Connecting with Your Kids: Why They Need It & Why You Need It, Too.

Here I am again – It’s a Sunday morning (my kids favorite time of day to throw their wildest tantrums). So I’m trying to breathe deep and remember why I don’t want to scream and yell when they are well, screaming and yelling. All I want to do is have my coffee and eat some oatmeal. Is that really too much to ask? According to a toddler, yes it is. Much, much to much to ask.

I’m not in my best positive parenting space this morning (I chose to stay up to the ridiculous hour of 11 o’clock watching a movie last night – did I forget I’m a pregnant mom of 2 little kids?) and these kids have their insta-alarm built into their tiny bodies that wake them up promptly at 5:58 a.m. every morning. So, again, tired and not in my most patient, calm, happy mommy mode.

Thankfully, it’s the weekend and I have the option of calling in reinforcements… so my husband came to the rescue. Ahhh. (For a moment. At least long enough to be writing this now). Since I have this 5 minutes of pure blissful peace and solitude I am listening to the contained commotion upstairs of my husband playing with the kids. And, I start noticing…

Their screams and fighting almost instantly turn to calm and excitement. It’s as if that’s all they were asking for all along  (in their very skillful ways). So I sit here, becoming very aware, of this clashing of needs that occurs on a daily basis in my home and I’m pretty certain in most every parent/child home.

Your needs vs. Your child’s needs.


When these two opposing forces rise up, it comes down to who’s stronger, more powerful, louder, mightier, more willful in that moment.

And the winner is…..

But, does it really have to be this way? And does anyone really win in these situations? I know I sure don’t feel like a winner even when I get my way. But, the struggle is real.

As I return my attention to the story occurring upstairs, I am wildly aware that what our children crave most is us. Our attention, our engagement, our comfort, our interaction.  They want, they need to feel connected. And if they don’t get this in a positive way, well the next best option is….what?….you guessed it, negative attention. In the world of a child, bad attention is better than no attention at all.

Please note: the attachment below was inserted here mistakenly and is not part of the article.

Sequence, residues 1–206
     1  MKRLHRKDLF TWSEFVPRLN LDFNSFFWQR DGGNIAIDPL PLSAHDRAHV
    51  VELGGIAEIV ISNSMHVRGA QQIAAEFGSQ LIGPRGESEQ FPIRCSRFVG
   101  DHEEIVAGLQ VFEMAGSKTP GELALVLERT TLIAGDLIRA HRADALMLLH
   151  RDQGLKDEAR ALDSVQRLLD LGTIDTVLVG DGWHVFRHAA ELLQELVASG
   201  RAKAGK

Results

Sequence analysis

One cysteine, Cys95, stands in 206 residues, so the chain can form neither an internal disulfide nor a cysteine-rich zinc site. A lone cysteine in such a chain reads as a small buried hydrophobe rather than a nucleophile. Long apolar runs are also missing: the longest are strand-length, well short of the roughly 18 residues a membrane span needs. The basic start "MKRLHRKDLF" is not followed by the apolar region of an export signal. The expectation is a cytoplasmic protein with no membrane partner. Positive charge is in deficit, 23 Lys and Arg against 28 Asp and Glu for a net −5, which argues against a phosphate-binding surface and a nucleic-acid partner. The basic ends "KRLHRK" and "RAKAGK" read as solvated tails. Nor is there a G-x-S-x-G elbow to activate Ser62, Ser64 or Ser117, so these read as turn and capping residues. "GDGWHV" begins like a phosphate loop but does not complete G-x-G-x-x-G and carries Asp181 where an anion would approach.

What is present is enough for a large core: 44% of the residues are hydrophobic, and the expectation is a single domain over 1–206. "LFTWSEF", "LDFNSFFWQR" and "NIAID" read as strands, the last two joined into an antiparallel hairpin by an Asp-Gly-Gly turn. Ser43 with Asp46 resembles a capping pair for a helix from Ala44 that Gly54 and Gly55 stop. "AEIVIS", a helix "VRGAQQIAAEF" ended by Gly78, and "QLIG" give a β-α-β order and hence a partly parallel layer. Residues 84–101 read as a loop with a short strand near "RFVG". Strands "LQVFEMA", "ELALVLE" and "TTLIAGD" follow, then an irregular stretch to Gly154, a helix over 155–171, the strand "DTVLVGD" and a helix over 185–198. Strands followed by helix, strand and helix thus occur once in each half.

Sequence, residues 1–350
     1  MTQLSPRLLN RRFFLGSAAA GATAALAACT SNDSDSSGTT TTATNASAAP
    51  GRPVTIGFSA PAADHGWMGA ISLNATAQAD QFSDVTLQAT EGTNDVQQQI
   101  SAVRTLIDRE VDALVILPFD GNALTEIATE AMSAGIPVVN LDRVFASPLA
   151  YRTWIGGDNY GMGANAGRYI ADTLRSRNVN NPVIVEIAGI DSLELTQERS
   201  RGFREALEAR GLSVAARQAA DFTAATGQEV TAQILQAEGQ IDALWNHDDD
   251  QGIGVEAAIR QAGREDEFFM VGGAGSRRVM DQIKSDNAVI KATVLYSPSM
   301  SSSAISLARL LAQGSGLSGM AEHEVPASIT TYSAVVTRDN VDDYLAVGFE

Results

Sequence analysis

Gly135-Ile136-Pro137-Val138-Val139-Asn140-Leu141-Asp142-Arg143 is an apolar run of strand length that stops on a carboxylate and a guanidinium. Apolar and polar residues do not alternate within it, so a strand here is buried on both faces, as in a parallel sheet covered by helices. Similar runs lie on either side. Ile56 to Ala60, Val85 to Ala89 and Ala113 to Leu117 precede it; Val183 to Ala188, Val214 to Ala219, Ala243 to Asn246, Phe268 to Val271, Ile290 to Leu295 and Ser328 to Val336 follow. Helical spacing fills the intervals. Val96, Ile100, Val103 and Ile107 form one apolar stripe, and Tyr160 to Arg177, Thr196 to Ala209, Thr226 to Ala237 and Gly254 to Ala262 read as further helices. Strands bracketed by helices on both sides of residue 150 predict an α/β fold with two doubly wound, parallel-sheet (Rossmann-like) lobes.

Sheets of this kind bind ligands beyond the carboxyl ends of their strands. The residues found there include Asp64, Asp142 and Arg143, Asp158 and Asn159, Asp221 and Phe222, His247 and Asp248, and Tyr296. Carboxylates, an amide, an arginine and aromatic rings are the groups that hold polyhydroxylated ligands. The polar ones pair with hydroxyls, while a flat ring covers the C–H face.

So, where does this leave us tired, disgruntled, desperate for a moment alone parents?

In all my efforts to try and convince my kids that they should consider my needs as well – a moment to go to the bathroom alone, anyone?- I realize this is just too much to ask of their little brains. Sure, this may be a bit more reasonable to ask of a teen, but even then, we know that teens, more than anyone, only have one person on their minds – themselves. And one might react to this by thinking, “well that’s selfish. I need to teach them to be aware of other people besides themselves.” And while this is true in most cases, fortunately or unfortunately (depending on who you ask) this rule may not well apply to parents.

Your kids need you.


Not some of the time, but all of the time. This doesn’t mean you need to be in their presence every moment of the day, but they need to know they have access to you when they need you. This creates the safety and security they truly need. And the paradox is:

When they feel this sense of safety with you, they in turn feel more secure to step away, little by little. That is the nature of healthy attachment.

So, does this mean that you have to put your own needs aside day after day? To put your coffee down after you’ve only had one sip? To play dress up with them for the 20th time that day?  To answer to every “mommy, daddy, mommy, daddy, mommy!!!!”???

In a word…..Yes.

There are certainly ways to encourage your children to be more independent, but that comes second.

First, connect with your child. Really connect. Hear them. See them. And the most important element here – This all has to be felt by them.

And, now that we’re at the end of this post it makes sense that we address how and when to come back to you.

You come back to you by never leaving. You stay grounded. You stay aware of your needs, desires, and wants. You stay connected to the awareness that you will have your chance – it may come later rather than sooner, but it will come. You breathe deep, remember where you are – in this moment (not in the moments before or after) and open up to what this moment calls for and you accept it. You engage mindfully. 

And last of all, you count the hours until nap time. You will make it.

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